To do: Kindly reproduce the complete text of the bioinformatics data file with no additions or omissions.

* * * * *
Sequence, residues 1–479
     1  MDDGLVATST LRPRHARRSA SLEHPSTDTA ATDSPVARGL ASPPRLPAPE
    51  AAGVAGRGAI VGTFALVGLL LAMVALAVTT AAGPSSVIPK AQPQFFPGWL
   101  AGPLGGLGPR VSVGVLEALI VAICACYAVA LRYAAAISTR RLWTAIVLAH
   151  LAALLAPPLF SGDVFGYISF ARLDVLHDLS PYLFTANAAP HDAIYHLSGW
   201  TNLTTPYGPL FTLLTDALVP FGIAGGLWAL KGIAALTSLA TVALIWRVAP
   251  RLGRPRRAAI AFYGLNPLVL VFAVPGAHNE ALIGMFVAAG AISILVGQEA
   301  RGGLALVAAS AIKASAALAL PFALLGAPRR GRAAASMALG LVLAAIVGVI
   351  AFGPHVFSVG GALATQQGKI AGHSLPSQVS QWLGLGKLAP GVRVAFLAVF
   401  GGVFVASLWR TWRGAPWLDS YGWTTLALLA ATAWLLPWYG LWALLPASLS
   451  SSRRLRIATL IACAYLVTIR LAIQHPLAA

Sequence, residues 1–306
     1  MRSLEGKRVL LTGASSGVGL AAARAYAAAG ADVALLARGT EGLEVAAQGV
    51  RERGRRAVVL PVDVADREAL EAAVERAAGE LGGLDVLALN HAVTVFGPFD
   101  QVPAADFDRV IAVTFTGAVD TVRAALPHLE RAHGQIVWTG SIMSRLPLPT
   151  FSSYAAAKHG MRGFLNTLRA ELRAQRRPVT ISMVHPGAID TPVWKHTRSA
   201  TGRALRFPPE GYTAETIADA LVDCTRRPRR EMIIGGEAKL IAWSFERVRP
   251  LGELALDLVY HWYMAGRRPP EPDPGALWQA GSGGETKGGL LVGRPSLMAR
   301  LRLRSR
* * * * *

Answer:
Sequence, residues 1–479
     1  MDDGLVATST LRPRHARRSA SLEHPSTDTA ATDSPVARGL ASPPRLPAPE
    51  AAGVAGRGAI VGTFALVGLL LAMVALAVTT AAGPSSVIPK AQPQFFPGWL
   101  AGPLGGLGPR VSVGVLEALI VAICACYAVA LRYAAAISTR RLWTAIVLAH
   151  LAALLAPPLF SGDVFGYISF ARLDVLHDLS PYLFTANAAP HDAIYHLSGW
   201  TNLTTPYGPL FTLLTDALVP FGIAGGLWAL KGIAALTSLA TVALIWRVAP
   251  RLGRPRRAAI AFYGLNPLVL VFAVPGAHNE ALIGMFVAAG AISILVGQEA
   301  RGGLALVAAS AIKASAALAL PFALLGAPRR GRAAASMALG LVLAAIVGVI
   351  AFGPHVFSVG GALATQQGKI AGHSLPSQVS QWLGLGKLAP GVRVAFLAVF
   401  GGVFVASLWR TWRGAPWLDS YGWTTLALLA ATAWLLPWYG LWALLPASLS
   451  SSRRLRIATL IACAYLVTIR LAIQHPLAA

Sequence, residues 1–306
     1  MRSLEGKRVL LTGASSGVGL AAARAYAAAG ADVALLARGT EGLEVAAQGV
    51  RERGRRAVVL PVDVADREAL EAAVERAAGE LGGLDVLALN HAVTVFGPFD
   101  QVPAADFDRV IAVTFTGAVD TVRAALPHLE RAHGQIVWTG SIMSRLPLPT
   151  FSSYAAAKHG MRGFLNTLRA ELRAQRRPVT ISMVHPGAID TPVWKHTRSA
   201  TGRALRFPPE GYTAETIADA LVDCTRRPRR EMIIGGEAKL IAWSFERVRP
   251  LGELALDLVY HWYMAGRRPP EPDPGALWQA GSGGETKGGL LVGRPSLMAR
   301  LRLRSR